I am using Jasypt encryption and specifying the property value within ENC() in the properties file. The decryption password is sent through the command-line argument like this
java -Djasypt.encryptor.password=somepassword -jar name.jar. Everything is working fine but the problem is when I search for the running process, it shows the password as well. Is there a way to hide the encryption password as well by read it from somewhere?
I thought of using the environment variables but that could also expose the password as well. So, decided against it.
Update: There was a solution in another SO post Spring Boot How to hide passwords in Properties file?
The solution what I followed was to create an environment variable with the name
JASYPT_ENCRYPTOR_PASSWORD, execute the command
java -jar name.jar and then unset the environment variable. This worked as I intended.
The solution what I followed was to create an environment variable with the name JASYPT_ENCRYPTOR_PASSWORD, execute the command java -jar name.jar and then unset the environment variable. This worked as I intended.
Setting an environment variable, for a short time or not doesn’t matter, isn’t a good idea. Even the shortest of time can be enough that an attacker can get access to it. There are similar attacks where the name of a temporary file could be predicted and allowed an attacker to create a link with that name to e.g. access the /etc/passwd-file, etc.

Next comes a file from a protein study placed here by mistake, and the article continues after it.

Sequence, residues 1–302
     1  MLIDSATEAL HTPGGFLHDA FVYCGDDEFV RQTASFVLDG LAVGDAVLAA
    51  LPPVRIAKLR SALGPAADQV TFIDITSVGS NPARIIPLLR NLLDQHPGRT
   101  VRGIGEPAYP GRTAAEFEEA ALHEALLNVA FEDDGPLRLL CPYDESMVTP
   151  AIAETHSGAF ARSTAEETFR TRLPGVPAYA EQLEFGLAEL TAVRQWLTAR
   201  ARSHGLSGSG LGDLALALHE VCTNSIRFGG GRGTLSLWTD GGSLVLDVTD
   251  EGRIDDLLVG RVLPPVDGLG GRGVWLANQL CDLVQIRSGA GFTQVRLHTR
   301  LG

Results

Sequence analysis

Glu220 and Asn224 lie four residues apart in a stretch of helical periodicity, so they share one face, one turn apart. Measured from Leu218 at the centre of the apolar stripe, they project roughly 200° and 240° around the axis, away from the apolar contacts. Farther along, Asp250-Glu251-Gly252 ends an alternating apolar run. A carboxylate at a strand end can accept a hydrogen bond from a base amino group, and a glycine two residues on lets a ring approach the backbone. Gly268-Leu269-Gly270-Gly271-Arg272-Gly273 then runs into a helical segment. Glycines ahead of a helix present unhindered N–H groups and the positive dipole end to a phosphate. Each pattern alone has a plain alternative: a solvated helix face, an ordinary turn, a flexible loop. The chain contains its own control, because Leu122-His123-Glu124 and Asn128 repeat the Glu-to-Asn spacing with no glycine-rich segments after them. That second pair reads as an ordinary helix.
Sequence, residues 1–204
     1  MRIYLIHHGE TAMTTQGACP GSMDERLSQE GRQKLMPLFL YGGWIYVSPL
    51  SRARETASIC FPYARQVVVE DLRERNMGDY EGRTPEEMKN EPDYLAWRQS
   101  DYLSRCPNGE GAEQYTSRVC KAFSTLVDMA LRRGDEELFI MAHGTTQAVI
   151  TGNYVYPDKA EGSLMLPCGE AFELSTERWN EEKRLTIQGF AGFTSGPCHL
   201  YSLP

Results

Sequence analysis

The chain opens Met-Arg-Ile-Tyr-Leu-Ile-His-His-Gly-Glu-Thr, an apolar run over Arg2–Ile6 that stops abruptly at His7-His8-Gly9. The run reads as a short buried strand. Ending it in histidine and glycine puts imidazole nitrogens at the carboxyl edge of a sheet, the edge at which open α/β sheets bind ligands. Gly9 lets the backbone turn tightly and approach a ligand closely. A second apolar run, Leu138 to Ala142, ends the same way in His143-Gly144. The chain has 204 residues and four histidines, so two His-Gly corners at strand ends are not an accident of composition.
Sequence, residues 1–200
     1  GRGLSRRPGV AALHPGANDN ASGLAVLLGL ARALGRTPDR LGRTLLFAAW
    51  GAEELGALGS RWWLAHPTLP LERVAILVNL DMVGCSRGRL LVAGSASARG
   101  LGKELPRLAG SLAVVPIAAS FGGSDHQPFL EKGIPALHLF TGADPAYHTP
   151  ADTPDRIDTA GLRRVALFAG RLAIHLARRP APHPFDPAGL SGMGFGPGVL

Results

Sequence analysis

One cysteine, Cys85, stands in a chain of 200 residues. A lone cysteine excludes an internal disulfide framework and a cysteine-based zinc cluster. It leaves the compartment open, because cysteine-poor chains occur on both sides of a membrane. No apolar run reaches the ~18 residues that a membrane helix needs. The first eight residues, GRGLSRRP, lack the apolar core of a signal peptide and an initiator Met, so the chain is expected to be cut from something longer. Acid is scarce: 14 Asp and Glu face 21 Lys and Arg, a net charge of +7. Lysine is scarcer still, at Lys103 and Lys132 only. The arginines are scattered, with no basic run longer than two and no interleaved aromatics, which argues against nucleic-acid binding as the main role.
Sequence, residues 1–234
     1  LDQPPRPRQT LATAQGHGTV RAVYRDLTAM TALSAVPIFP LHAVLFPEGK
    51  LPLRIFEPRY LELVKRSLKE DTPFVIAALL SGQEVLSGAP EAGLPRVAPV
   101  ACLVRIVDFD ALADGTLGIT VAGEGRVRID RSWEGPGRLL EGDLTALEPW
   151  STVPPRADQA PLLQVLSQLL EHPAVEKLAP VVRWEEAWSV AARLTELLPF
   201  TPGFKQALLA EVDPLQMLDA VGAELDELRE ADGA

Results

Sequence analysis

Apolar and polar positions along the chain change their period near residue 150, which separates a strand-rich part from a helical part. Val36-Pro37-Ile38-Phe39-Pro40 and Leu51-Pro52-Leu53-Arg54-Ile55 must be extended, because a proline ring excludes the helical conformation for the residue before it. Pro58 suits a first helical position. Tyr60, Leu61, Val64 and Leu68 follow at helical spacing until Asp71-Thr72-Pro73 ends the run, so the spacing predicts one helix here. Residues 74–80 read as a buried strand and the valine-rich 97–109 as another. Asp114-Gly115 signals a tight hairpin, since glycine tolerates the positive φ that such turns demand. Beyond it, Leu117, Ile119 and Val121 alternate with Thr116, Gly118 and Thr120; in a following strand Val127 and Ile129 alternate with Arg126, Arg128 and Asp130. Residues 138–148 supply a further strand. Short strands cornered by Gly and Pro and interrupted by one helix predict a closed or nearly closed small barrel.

The problem exists for a while so there are a couple of solutions out there already, most of which work with a file that contains the password or a key store that is used to do encryption and decryption of sensible data.
If you look e.g. at JBoss they use something called a vault. There is a manual page explaining the single steps. You can recreate all of this for your application or just read the plain text password from a file where you specify the filename e.g. as system property. The file itself must be secured against unauthorized access on the file system level (set the read permission for the owner only) and – if necessary – within your application by setting a
SecurityManager that denies access to this file by other classes than the one that is used to read it in. This is common practice with security relevant applications like PGP or OpenSSL.